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Multiple Sclerosis, Part I


Multiple Sclerosis
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Americans generally do what their doctor tells them without much questioning. I suggest they question their doctor extensively, and not necessarily do what he says. Then go and read up on possible natural-healing options to get a really different second opinion.

 And if someone is diagnosed with multiple sclerosis? The answer is, and it is a remarkably good answer, follow the MS protocol of Frederick Robert Klenner, MD as described in Clinical Guide to the Use of Vitamin C, edited by Lendon Smith, MD. Far from just considering vitamin C, this book urges and lists a comprehensive therapeutic program using a large variety of nutrients in large quantity.

 Why a large variety of nutrients? Because there is no such thing as monotherapy with nutrition. "One drug, one disease" is a failed legend of the drug doctor. People often ask me, "What is this vitamin good for?" My answer is, "Everything." They give me "the look," but it's true nevertheless. All vitamins are important. Which wheel on your car can you do without? Which wing on an airplane can you afford to leave behind? 

 Why large quantities of nutrients? Because that's what does the job. You don't take the amount that you think should work; you take the amount that gets results. The first rule of building a brick wall is that you have got to have enough bricks. A sick body has exaggeratedly high needs for many vitamins. You can either meet that need, or whine about why you didn't.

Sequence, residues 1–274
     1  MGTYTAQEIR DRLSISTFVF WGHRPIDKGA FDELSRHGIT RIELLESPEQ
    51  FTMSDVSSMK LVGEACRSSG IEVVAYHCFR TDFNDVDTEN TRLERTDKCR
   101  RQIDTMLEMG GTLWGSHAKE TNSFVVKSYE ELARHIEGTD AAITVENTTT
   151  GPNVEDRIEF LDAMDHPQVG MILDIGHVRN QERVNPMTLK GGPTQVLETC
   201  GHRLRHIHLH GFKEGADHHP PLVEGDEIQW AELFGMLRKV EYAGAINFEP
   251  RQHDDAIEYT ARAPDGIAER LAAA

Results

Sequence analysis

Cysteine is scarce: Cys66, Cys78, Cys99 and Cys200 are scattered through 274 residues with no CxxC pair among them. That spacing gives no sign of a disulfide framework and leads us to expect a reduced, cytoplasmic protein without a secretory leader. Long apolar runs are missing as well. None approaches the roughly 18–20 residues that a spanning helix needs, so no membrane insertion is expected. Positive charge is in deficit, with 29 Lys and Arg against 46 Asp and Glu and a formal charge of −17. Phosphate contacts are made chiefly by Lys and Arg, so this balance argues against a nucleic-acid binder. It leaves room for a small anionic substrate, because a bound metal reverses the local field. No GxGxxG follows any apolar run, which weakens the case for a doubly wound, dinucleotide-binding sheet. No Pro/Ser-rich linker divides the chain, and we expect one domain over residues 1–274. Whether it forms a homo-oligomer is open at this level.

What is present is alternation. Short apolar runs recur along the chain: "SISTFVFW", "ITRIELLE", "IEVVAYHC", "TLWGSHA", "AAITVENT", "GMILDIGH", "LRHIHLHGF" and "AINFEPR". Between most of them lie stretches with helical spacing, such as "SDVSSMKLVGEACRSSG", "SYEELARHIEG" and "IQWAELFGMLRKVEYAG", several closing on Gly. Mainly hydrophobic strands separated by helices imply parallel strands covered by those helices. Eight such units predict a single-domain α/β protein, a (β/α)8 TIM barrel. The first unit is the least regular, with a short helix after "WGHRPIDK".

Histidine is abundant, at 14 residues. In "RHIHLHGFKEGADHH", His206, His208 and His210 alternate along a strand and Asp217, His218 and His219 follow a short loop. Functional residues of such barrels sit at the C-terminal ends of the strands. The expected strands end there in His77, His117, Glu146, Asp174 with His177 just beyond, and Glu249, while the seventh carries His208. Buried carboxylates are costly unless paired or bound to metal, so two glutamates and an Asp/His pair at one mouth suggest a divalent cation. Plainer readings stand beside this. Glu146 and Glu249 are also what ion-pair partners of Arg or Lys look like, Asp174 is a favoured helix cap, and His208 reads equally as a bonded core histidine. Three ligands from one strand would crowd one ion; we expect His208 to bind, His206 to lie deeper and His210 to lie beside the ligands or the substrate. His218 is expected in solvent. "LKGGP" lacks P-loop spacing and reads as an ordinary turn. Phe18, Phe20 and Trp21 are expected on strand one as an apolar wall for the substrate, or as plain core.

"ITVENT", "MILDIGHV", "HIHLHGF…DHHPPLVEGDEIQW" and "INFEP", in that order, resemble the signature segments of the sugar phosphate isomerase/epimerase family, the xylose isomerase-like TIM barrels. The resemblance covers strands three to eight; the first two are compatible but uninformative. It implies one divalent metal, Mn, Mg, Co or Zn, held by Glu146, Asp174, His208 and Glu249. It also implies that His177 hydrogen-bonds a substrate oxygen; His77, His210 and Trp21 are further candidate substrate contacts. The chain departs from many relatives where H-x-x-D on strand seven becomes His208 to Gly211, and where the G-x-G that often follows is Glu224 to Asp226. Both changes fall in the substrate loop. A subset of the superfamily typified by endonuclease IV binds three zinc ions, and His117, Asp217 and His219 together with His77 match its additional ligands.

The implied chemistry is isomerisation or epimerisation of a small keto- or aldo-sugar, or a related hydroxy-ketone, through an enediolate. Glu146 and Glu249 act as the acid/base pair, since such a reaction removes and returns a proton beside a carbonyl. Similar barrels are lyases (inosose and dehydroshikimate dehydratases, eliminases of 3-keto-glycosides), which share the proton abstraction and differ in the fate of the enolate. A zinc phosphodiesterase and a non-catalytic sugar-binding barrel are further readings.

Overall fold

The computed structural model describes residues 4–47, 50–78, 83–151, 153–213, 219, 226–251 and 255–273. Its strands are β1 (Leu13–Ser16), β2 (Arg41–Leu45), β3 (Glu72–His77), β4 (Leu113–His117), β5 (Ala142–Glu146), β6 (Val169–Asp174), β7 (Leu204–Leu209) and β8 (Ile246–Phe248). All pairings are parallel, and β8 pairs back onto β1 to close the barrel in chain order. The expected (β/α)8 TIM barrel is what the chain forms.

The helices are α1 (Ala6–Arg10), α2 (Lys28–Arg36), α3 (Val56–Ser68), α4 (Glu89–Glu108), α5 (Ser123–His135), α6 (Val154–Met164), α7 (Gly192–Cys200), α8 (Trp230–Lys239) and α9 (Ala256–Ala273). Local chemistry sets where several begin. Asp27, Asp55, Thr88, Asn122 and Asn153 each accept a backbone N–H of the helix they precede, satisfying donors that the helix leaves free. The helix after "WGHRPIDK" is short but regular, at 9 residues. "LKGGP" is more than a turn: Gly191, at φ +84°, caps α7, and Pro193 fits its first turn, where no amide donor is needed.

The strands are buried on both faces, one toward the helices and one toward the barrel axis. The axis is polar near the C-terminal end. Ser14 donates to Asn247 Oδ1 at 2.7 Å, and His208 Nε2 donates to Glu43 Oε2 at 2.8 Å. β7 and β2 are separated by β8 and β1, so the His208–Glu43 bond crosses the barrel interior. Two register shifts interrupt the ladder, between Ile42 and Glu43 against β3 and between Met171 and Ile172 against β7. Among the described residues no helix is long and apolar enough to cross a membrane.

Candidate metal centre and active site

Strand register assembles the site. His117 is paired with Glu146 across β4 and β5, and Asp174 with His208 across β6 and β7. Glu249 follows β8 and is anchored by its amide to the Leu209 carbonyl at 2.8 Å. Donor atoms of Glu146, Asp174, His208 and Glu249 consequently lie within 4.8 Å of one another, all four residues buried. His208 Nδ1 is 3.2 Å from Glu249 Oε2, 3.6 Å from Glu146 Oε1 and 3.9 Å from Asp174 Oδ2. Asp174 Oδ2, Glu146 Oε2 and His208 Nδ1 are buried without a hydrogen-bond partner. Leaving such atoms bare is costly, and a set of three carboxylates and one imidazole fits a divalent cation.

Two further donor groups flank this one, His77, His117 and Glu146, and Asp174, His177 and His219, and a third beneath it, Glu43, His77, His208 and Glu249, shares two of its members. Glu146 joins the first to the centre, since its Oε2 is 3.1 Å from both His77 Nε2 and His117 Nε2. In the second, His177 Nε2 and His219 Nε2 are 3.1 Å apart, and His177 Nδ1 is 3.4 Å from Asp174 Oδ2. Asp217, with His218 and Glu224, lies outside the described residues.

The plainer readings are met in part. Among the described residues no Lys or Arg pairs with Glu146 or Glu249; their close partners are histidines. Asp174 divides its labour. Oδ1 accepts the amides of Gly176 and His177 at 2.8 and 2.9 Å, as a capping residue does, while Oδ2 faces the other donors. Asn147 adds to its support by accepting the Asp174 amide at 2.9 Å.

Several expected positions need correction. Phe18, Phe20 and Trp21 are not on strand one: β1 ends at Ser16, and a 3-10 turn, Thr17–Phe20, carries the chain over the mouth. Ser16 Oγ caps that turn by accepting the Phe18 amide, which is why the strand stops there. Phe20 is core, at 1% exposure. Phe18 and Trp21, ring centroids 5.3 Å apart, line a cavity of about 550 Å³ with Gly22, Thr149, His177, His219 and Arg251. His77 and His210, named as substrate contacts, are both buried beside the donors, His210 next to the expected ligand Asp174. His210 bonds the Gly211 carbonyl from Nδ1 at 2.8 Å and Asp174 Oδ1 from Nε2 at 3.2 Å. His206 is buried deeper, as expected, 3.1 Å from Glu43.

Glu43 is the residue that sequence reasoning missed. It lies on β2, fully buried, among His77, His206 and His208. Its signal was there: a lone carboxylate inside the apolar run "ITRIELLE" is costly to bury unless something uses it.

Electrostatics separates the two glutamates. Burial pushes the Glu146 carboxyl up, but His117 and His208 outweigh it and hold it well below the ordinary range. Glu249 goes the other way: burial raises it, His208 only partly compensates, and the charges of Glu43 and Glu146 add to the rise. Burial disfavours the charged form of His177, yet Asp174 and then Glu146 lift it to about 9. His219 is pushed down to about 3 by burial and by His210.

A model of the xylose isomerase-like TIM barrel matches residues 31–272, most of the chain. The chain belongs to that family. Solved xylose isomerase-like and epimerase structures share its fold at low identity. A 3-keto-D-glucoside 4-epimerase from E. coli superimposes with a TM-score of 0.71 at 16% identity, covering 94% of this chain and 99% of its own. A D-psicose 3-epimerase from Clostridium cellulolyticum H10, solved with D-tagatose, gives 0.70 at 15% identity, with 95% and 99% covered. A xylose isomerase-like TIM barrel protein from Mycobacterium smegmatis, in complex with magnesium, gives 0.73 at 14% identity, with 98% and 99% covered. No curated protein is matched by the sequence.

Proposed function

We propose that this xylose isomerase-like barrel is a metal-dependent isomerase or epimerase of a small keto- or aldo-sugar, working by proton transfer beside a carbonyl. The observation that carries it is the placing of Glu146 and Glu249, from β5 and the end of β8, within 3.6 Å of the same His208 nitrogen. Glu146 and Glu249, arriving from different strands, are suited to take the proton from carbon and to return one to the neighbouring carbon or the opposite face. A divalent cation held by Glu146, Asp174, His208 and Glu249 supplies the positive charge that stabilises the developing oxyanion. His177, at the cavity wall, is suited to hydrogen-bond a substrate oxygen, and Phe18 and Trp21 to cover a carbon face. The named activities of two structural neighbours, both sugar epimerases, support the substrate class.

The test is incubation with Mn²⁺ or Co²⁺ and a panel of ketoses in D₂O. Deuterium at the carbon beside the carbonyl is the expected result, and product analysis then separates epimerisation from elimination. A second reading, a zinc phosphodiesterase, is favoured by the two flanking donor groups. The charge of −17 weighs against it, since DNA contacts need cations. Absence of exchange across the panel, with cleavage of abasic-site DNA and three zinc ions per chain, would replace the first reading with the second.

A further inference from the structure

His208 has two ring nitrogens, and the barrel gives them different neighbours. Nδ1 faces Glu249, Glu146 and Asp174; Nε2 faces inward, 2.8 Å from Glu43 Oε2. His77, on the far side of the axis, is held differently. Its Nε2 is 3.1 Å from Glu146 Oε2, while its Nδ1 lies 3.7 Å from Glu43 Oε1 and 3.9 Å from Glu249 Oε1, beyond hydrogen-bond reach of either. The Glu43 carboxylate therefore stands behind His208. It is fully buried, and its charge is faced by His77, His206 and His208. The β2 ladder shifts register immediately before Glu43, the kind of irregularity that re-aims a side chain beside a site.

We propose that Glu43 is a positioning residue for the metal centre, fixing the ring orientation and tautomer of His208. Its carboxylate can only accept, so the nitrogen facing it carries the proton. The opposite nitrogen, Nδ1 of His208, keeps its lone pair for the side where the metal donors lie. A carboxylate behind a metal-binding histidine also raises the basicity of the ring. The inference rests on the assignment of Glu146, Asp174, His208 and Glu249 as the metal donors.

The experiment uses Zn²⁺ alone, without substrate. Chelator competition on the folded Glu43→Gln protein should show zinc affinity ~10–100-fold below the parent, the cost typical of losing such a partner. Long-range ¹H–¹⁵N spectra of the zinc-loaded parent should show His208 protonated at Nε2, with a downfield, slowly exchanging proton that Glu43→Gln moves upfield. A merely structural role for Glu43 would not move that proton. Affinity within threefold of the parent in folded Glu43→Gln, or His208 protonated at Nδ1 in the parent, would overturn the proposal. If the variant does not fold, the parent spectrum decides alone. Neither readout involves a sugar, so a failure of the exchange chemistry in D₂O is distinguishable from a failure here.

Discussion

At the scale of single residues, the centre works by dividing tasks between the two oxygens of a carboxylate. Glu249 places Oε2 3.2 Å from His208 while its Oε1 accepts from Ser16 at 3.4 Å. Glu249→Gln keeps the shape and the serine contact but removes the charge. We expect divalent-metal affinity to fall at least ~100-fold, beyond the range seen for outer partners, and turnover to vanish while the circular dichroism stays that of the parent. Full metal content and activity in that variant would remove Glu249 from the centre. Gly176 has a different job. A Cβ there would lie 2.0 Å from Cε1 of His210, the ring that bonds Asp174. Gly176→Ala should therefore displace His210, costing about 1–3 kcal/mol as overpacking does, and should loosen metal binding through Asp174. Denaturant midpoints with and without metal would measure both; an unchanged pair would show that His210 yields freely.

But why try to cure with nutrition? Well, why not? Must a cure be medical for it to be any good? There is no medical cure for MS; if there were, you would have heard about it. I say, if one doctor's black bag is empty it does not necessarily follow that all other doctors' black bags are. Go where you can get the outcome you need. The first rule of fishing is to put your hook in the water, for that is where the fish are. 

 Still, when I tell you that Frederick Robert Klenner, MD was curing multiple sclerosis back in the 1950's and '60's, you would not easily believe me. And who in their right mind would?  A MS patient confined to a wheelchair, perhaps. Like the one who was wheeled into my office one day by his private RN.

 I shared the details of Dr. Klenner's protocol with them. They went home and did it. It worked. In little over two weeks, the man was out of his wheelchair, walking with a walker or cane. It was beautiful to see.

 What did they do? Read Dr. Klenner's Clinical Guide to the Use of Vitamin C and you will find out precisely what they did.  It is posted for free access at http://www.seanet.com/~alexs/ascorbate/198x/smith-lh-clinical_guide_1988.htm

The multiple sclerosis protocol takes up about five pages.

Why did it work? Because Dr. Klenner's experience in treating MS taught him to understand it as a vitamin deficiency disease.

 Let's consider just one lone nutrient, thiamin, vitamin B-1 and one oddball disease, beriberi. Beriberi has been a problem for centuries in impoverished countries.  It is a disease of the peripheral nervous system. Beriberi, a description of nutritional exhaustion, literally means "I can't, I can't."  It results in pain (neuritis) and paralysis, swelling and anemia, decreased liver function and wasting away. Note, please, the wide variety of symptoms.

 No drug on earth, then or now, can cure it.  Then and now, it was known to have something to do with poor diet.  But the question for centuries was, what exactly causes it?